You can specify 26" wheels with a number of companies.   Thorn certainly do them and I think all the main trekking bike companies like Koga use them as well.

On the subject of pumps and tyres, I've always wondered why any touring bikes should use Presta valves when most air lines are set up for Schraeder.   

I'm impressed by that clever use of the valve cap, Tony, I shall tuck that little pearl away for future use.

As above - 26" is generally more available but if you're going into the middle of the bundu, it makes sense to carry basic spares like spokes, a chain link or two and so on.   It's also worth bearing in mind that if the worst comes to the worst, steel can generally be welded in most workshops, aluminum requires a specialist and carbon - forget it!

And it's a really good idea to have TWO pumps!

Glad you're looking forward to it.   These guys can help:

May the road rise up before you!

July and August tend to be the busiest months for tourism and also the best weather but it's like most other places, you can have good weather or bad weather at any time of the year.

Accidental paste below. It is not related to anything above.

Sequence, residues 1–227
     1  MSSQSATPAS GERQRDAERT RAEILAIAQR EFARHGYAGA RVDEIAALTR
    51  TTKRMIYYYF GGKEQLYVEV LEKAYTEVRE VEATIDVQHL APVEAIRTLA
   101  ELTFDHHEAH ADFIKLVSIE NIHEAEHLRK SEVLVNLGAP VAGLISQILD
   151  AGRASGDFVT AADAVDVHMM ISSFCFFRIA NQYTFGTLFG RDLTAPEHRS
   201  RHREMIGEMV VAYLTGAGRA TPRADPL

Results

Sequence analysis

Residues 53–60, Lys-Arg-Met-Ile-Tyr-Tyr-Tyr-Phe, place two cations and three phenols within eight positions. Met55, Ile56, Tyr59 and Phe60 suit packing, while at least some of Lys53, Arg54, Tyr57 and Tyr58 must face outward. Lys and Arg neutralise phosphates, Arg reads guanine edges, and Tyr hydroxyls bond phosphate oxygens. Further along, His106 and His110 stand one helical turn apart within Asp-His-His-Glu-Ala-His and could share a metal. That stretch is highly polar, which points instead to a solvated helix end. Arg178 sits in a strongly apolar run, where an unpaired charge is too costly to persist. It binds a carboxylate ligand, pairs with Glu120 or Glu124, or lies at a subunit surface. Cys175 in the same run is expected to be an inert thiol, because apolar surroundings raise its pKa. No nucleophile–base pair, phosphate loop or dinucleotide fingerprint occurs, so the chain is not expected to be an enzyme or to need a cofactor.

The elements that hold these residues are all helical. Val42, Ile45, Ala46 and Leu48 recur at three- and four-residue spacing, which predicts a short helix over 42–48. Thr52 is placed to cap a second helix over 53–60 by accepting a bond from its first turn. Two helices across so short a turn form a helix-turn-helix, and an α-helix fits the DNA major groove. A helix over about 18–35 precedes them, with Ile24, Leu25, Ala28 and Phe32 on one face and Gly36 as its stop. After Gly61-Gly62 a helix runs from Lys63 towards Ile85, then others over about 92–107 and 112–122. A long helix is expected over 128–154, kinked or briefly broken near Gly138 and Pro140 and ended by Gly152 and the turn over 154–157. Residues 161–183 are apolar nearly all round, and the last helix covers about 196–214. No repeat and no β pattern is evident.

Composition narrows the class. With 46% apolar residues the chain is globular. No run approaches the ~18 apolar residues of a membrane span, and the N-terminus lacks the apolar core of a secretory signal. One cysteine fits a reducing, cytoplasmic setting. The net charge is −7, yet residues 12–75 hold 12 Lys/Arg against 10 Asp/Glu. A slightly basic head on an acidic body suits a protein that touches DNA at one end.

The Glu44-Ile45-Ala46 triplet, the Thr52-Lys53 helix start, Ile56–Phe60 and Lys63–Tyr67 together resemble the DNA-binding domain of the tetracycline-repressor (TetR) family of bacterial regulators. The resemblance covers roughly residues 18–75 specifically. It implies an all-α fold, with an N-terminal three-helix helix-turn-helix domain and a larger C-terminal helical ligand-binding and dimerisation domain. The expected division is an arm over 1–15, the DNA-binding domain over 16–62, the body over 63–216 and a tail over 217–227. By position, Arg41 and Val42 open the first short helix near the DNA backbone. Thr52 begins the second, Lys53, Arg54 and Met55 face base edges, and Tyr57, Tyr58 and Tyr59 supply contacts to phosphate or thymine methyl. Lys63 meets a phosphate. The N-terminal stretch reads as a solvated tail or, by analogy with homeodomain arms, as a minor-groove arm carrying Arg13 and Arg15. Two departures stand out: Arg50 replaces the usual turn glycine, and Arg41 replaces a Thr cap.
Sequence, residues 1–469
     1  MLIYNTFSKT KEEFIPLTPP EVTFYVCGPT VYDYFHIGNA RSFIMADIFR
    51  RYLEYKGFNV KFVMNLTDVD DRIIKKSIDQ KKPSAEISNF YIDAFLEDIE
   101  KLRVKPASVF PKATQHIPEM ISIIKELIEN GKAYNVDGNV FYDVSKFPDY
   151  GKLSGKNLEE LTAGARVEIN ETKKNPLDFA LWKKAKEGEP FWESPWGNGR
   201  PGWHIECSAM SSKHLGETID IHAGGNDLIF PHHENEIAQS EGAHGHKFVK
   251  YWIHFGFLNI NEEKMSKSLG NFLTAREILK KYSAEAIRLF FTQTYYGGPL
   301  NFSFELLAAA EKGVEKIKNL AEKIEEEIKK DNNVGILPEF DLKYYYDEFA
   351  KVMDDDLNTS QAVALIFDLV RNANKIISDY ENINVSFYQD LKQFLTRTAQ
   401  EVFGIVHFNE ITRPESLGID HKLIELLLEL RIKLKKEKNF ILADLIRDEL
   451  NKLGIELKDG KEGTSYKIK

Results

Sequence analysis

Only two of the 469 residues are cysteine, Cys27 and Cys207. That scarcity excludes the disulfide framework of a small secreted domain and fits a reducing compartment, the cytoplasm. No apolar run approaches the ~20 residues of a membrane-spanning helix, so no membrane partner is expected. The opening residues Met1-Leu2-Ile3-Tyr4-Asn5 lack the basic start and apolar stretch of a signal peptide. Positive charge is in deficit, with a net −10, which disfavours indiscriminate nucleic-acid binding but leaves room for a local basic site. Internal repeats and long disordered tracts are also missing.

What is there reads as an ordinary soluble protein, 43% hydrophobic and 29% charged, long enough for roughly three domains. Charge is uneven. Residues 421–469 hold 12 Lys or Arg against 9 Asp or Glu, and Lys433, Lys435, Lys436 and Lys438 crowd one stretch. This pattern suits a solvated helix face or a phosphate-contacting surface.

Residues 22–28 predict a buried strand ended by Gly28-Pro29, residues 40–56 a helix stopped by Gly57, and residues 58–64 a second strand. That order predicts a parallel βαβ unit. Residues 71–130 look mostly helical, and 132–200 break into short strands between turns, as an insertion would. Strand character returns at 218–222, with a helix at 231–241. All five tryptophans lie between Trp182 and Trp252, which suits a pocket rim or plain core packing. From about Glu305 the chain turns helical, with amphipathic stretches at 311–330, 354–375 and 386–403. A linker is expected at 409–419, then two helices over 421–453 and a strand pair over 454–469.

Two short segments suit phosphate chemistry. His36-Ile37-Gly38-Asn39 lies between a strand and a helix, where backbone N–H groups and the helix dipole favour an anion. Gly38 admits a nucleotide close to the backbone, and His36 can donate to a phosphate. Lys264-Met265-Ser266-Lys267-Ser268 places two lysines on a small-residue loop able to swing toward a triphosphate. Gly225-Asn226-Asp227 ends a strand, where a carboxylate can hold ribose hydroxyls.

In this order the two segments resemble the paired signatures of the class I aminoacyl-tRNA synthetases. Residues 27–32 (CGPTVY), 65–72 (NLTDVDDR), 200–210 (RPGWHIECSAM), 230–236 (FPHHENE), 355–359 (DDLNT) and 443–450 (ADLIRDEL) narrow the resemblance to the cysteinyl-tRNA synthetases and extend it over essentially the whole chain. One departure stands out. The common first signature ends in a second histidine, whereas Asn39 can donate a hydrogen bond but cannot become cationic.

When you're looking for somewhere to stay, most of the larger towns have tourist offices who will have a list of Bed and Breakfast places as well as hotels and hostels.   Unlike the USA, B & Bs tend to be relatively cheap.   The tourist offices will generally have a list of prices and will call ahead for you. 

Routes / Mexican excursion from Southern Tier
« on: January 11, 2010, 06:19:21 pm »
I'm planning on riding the Southern Tier west to east in the near future.   Looking at the map, there seem to be one or two roads in Mexico that parallell parts of the Southern Tier.

That started me wondering about doing a loop down into Mexico (as I have never visited that country).   Has anyone got any suggestions about possible routes and advice on cycling there?


Trust yourself and your kit!   You'll have a great time and even if you do find headwinds and long, slow stretches, think about the great stories you'll be able to tell!